They’re a popular way of regaining plump, youthful skin and smoothing out fine lines. But are they safe? Here’s our guide to fillers for beginners...
So, facial fillers – you might be tempted by a little fill over baby botox but don’t know the ins-and-outs, potential complications or, most importantly, where to go to get them.
We also spoke to Dr Terry Loong of W1 Knightsbridge to get the lowdown on facial fillers, from what happens during the procedure to possible side effects and cost.
The first thing you need to know, above all else, is never ever consider having any kind of injectable treatment at a beauty spa or salon. For some inexplicable reason, here in the UK we’re unable to regulate who is able to inject filler into someone’s face (the same goes for Botox) – in the rest of Europe you have to be a qualified doctor in order to perform the treatment.
‘The face has many underlying sensitive structures, for example: nerves, vessels and eyes when treating wrinkles. If the person administering fillers is untrained and not careful, there’s risk of damage, infection, artery occlusion leading to tissue death and scarring. Hence why it’s so important to see a registered medical professional who understands the anatomy of the face and knows the areas to avoid.’
So, just to be clear, see a qualified doctor or forget about having fillers altogether. Here’s everything else you need to know…
Consult the British Association of Aesthetic Plastic Dermatologists website to find a qualified practitioner
How much do facial fillers cost?
Let’s get your biggest burning question out of the way first – how much is this whole thing going to set you back? Well, that depends entirely on how much you’re going to have done, which fillers you opt for and who you pay to administer them.
‘Obviously every clinic differs, but the general starting price for facial fillers is from £500 per syringe,’ Dr Loong tells us.
How do they work?
Fillers are pretty incredible at restoring lost volume to your face. Experts argue over when we start losing collagen; many will say it’s your mid-twenties, while others argue that levels start to deplete when we’re as young as 18.
What we do know is that it declines at a rate of about 2% per year, and your body will have stopped producing it altogether by your late twenties.
Fillers have been used for decades to restore lost volume or add lift, while fillers themselves have come a long way from their early days – in the UK, permanent treatments are now a thing of the past.
Do facial fillers have side effects?
‘It’s easy for clients to confuse side effects to reactions, so it’s extremely important to understand what side effects can be expected,’ says Dr Loong. ‘Temporary side effects – those that are completely normal after facial injections – can include; swelling, redness and tenderness.
‘Reactions generally occur immediately after the needle injection and can include; redness, swelling, pain, itching, bruising and tenderness at the injection location. These reactions are generally mild to moderate and usually disappear shortly after injection and are usually resolved a few days after the injection into the skin.’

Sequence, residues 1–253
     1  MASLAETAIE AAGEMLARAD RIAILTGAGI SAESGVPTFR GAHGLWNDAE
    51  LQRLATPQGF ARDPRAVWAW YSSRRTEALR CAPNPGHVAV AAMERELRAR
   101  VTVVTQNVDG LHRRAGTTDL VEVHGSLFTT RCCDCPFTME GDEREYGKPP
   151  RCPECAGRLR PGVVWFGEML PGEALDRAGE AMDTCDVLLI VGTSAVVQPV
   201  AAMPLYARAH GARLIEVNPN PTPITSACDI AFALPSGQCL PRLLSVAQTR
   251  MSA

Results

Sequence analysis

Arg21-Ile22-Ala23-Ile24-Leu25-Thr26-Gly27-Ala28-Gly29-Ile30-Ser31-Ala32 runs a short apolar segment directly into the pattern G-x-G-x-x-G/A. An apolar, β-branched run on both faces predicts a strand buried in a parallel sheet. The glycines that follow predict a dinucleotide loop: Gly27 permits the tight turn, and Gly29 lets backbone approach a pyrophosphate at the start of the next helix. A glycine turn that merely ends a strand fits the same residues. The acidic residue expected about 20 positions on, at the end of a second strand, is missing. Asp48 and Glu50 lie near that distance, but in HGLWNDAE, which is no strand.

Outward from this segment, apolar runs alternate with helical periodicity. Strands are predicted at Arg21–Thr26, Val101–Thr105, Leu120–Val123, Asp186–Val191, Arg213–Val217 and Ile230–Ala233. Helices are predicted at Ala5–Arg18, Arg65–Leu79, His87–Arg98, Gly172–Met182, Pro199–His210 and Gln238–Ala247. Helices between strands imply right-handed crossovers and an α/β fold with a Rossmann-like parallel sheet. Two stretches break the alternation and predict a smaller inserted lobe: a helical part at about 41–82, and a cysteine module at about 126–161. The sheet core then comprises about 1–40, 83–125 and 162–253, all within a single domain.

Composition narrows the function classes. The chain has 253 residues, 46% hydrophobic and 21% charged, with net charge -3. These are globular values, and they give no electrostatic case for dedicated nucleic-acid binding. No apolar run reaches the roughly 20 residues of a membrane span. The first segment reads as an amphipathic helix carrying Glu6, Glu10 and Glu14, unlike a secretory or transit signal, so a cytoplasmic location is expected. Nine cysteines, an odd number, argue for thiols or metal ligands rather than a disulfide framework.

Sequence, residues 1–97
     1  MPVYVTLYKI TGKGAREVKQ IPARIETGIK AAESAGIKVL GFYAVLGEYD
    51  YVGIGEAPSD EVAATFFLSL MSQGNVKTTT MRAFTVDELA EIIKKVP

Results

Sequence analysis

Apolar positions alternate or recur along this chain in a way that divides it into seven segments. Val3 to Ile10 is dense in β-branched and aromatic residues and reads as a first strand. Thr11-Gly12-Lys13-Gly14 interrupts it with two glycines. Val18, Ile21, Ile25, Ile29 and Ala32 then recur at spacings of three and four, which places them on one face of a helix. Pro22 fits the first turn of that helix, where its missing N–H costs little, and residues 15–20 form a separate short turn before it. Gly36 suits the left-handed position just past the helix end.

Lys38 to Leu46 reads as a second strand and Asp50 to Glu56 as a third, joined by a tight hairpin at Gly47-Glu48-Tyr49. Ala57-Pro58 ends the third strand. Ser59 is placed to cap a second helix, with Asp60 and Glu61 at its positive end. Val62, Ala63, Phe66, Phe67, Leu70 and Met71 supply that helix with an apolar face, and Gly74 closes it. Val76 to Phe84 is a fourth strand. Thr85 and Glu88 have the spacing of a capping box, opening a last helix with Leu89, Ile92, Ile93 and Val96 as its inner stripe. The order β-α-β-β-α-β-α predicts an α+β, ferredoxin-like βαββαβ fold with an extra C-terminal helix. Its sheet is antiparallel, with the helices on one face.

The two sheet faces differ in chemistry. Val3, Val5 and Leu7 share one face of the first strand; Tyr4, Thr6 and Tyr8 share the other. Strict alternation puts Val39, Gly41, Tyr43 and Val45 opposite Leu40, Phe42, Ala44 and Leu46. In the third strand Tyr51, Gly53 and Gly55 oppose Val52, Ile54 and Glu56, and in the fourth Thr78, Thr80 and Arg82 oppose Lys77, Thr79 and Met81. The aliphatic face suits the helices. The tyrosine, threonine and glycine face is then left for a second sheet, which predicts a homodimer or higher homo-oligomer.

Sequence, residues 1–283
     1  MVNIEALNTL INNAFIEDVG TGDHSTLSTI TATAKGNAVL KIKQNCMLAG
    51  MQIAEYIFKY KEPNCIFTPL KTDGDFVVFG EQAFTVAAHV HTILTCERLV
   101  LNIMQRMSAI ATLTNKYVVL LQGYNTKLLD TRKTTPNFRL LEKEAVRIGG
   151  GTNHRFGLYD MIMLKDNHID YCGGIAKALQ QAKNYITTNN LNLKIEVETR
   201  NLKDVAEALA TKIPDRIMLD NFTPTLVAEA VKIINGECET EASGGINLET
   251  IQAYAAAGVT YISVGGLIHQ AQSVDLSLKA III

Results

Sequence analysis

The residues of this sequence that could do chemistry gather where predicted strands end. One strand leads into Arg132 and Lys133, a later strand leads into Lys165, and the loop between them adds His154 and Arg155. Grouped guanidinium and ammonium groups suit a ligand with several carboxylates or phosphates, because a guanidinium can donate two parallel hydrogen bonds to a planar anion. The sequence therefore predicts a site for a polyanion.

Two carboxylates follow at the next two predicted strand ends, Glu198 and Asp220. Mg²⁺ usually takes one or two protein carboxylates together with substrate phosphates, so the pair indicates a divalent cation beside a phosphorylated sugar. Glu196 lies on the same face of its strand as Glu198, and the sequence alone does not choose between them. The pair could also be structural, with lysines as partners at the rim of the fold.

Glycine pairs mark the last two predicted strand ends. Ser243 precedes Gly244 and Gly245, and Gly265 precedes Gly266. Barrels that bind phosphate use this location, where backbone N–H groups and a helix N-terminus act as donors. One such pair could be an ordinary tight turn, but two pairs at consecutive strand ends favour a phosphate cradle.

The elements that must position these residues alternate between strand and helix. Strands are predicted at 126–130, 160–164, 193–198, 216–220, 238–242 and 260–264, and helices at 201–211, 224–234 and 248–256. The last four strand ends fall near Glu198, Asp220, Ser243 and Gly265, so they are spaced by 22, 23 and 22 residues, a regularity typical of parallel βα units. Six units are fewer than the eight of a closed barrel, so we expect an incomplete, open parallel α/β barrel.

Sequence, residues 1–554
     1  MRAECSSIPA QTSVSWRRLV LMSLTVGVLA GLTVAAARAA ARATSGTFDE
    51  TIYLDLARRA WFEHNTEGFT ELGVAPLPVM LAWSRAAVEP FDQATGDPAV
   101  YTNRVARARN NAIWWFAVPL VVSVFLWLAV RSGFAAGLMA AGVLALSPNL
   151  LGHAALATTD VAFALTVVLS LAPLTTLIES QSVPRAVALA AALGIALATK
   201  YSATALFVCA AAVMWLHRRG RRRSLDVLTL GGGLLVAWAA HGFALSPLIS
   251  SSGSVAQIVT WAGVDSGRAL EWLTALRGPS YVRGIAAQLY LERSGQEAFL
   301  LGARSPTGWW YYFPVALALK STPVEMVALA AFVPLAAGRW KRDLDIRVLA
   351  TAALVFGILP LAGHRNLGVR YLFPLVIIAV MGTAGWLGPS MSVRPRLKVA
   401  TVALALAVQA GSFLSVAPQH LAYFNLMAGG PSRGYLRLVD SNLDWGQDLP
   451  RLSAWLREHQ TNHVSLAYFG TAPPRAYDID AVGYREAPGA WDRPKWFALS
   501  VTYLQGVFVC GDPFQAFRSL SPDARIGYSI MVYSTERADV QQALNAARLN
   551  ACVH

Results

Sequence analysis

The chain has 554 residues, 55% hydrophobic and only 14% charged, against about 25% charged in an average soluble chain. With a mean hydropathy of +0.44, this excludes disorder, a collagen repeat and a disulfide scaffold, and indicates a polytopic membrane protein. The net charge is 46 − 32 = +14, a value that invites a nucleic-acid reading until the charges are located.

Does it hurt?
‘There may be a slight discomfort whilst the filler is being injected into the face,’ says Dr. Loong. ‘But we minimise this by applying an anaesthetic cream before treatment. To provide further relief and alleviate as much pain as possible, our fillers contain a pre-mixed local anaesthetic.
‘Before choosing your practitioner, make sure they offer these services with your treatment to ensure you feel as comfortable as possible.’
Dr Nabet used a new motorised injection pen that promises to make the injection 50% less painful – personally, I didn’t find it even remotely irksome. The injection pen allowed Dr Nabet to inject a steady flow of hyaluronic acid and apart from the slightest pressure I wouldn’t have even known someone was injecting my face, it was that comfortable.
Most filler products also contain the pain killer lidocaine to help minimise any discomfort.
Types of facial fillers
‘The most common type of facial filler is hyaluronic acid, a natural substance found in many areas of the body including eyeballs, joints and skin,’ Dr Loong tells us. ‘Hyaluronic facial fillers helps to maintain shape, even out depressions in the skin and provide hydration.
‘Poly-Caprolactone (PCl) or Ellanse is another popular filler that acts as a collagen stimulator. When injected in strategic places in the face, it triggers the body’s natural response to produce collagen, which provides you with a much longer lasting result.’
Juvéderm is another option that’s widely used and comes in varying viscosities so it can be used in different areas of the face. Dr Nabet used Teosyal RHA on my cheek.
What sets Teosyal apart from other fillers is that it takes into account just how much our face moves; I don’t know about you but my face is pretty expressive! This filler is able to stretch with the movements of the face – the result is such that even I can’t tell there’s anything there.
With just a touch of Teosyal RHA Dr Nabet has evened out my face and I can laugh, gasp and cry and you can’t see anything untoward going on under the skin.
The verdict? I’m definitely in the ‘for’ camp…
Already had facial fillers? Let us know your experience at @marieclaireuk